All nesting birds are protected by law, under the Habitats Regulations 2010. No matter what the species! The regulation means that it is an offense to intentionally or recklessly damage, destroy or obstruct a birds nest.

To help you understand why you’ve been asked to undertake nesting bird surveys and why they are important, we’ve put together what is probably the most comprehensive guide to bird surveys available online. We hope this guide answers everything there is to know about breeding bird surveys.

THE BIRD SURVEYS PROCESS

The most common question we get asked about nesting bird surveys is what is the process, What do we need to do? and when can those steps be taken? Below we’ve put together a short highlight, which we expand on later in the guide, on the steps that potentially need to be taken during the bird surveys process.

Preliminary habitat assessments involve an initial inspection of a habitat to identify the potential for nesting birds and other species.

As well as an assessment of the building and surrounding habitat to support breeding birds, a phase 1 nesting bird survey may require a data records search. Meaning, records such as known bird populations, previous mitigation sites, and the location of Site of Special Scientific Interest (SSSI) and Local Nature Reserves (LNR) are obtained. These desk-based assessments are a requirement and are usually purchased from third party biological records centres or county councils.

If a habitat, such as a hedgerow, tree, or barn shows potential for nesting birds on a development site, our fully licensed ornithologists will population and nesting bird surveys.

Nesting bird surveys will need to be undertaken between March and September.

Usually, at Chase Ecology we are able to undertake Steps 1 & 2 at the same time during activity survey months.

Should evidence show that nesting birds are identified via presence surveys, then a final step of mitigation and/or reasonable avoidance measures will be required.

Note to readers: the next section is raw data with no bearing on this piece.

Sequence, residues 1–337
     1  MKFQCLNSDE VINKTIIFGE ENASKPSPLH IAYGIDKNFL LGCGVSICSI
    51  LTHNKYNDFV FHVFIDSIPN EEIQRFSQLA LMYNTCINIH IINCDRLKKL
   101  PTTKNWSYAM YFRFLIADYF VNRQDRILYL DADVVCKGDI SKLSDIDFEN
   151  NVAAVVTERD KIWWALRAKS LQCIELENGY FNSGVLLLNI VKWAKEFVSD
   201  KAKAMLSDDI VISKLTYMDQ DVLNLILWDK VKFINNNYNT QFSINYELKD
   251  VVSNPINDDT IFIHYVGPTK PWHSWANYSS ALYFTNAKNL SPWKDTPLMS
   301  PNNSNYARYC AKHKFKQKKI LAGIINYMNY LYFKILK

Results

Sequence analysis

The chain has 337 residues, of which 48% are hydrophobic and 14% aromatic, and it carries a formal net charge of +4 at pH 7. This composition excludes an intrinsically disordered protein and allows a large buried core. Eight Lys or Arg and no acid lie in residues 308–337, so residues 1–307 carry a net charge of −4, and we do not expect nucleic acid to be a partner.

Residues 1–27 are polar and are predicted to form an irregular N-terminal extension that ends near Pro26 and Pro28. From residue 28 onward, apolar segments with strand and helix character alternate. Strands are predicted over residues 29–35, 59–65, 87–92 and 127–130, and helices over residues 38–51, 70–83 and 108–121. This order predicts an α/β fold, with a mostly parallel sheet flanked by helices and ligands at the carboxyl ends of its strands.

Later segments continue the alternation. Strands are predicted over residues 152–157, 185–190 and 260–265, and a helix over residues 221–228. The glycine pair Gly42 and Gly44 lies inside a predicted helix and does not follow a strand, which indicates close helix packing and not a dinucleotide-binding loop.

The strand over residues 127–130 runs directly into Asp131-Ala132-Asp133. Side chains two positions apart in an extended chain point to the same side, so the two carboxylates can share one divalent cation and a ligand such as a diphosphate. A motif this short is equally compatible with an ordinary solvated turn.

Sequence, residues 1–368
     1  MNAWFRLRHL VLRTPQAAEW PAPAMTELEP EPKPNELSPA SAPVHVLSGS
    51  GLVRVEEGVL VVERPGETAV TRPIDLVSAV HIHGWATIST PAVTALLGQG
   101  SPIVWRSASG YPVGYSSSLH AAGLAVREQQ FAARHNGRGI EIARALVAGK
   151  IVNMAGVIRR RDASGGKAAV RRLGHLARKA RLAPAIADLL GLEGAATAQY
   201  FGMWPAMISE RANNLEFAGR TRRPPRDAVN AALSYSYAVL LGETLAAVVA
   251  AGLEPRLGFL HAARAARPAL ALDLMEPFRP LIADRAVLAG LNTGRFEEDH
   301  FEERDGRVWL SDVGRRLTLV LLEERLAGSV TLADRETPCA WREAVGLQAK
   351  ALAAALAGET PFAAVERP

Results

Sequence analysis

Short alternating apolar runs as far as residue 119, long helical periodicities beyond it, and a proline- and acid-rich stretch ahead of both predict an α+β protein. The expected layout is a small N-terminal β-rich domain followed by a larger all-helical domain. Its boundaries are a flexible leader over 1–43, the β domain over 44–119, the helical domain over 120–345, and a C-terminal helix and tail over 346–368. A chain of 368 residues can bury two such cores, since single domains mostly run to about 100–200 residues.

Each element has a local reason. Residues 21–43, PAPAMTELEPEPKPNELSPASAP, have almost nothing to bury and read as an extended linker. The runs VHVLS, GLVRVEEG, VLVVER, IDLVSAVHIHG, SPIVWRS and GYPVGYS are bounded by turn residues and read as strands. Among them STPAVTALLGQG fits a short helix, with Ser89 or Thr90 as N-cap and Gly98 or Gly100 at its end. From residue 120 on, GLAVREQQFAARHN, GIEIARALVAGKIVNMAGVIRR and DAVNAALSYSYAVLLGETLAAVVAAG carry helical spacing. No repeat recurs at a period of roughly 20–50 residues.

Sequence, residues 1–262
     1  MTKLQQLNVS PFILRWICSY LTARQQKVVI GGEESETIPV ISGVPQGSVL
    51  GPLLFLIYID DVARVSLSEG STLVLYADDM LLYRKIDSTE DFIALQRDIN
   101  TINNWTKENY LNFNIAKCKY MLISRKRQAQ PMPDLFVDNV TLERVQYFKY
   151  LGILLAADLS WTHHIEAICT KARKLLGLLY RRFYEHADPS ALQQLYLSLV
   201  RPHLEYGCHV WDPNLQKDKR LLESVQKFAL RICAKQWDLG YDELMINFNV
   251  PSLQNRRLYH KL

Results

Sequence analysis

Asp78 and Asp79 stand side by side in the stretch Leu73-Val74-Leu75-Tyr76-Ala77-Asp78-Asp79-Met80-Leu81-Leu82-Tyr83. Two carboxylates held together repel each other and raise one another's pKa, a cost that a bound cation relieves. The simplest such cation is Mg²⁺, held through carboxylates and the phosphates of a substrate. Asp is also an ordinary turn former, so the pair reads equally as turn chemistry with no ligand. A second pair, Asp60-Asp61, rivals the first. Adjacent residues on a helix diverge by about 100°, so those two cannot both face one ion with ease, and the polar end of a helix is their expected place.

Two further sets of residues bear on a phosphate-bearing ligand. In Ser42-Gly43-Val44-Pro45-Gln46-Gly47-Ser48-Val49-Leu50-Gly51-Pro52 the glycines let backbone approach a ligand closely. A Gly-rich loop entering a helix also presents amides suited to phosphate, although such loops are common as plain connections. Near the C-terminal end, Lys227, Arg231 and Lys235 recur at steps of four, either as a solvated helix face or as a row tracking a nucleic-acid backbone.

The majority of the time we are able to work under reasonable avoidance measures when it comes to nesting bird surveys. This may mean altering dates to when birds are no longer nesting in a hedgerow for example. However, from time to time mitigation may be required.

WHY DO I NEED A NESTING BIRD SURVEY?

Well, it’s not uncommon especially if you are demolishing a building, cutting down a tree, hedge cutting, or disrupting a habitat that may contain ground-nesting species.

All nesting birds are protected by law, under the Habitats Regulations 2010. No matter what the species! The regulation means that it is an offense to intentionally or recklessly damage, destroy or obstruct a birds nest.

If a habitat shows potential for nesting birds on a development site, our fully licensed ornithologists will be able to advise on the best nesting bird survey solutions.

At this point, we’d like to give you some good news. Nesting Birds almost never stop your development.

But what is the nesting bird survey and mitigation process? Firstly, the need for nesting bird surveys will generally be identified at the time of a Preliminary Ecological Appraisal also know as a Habitat Walkover or Phase 1 Survey.

If the potential for nesting birds is shown, then presence nesting bird surveys may need to be completed. These nesting bird surveys need to show whether nesting birds are present in the area, what populations are like, and how they use the site.

If protected species are detected, then a mitigation plan is designed to show how you’ll avoid, reduce, or manage any negative effects on them. Working with your ecologist you need to decide which methods are right for the project you’re working on.

A mitigation licence from Natural England may be required. However, usually, we are able to work to a Reasonable Avoidance Measure (RAM) to keep the process cost-effective and quick.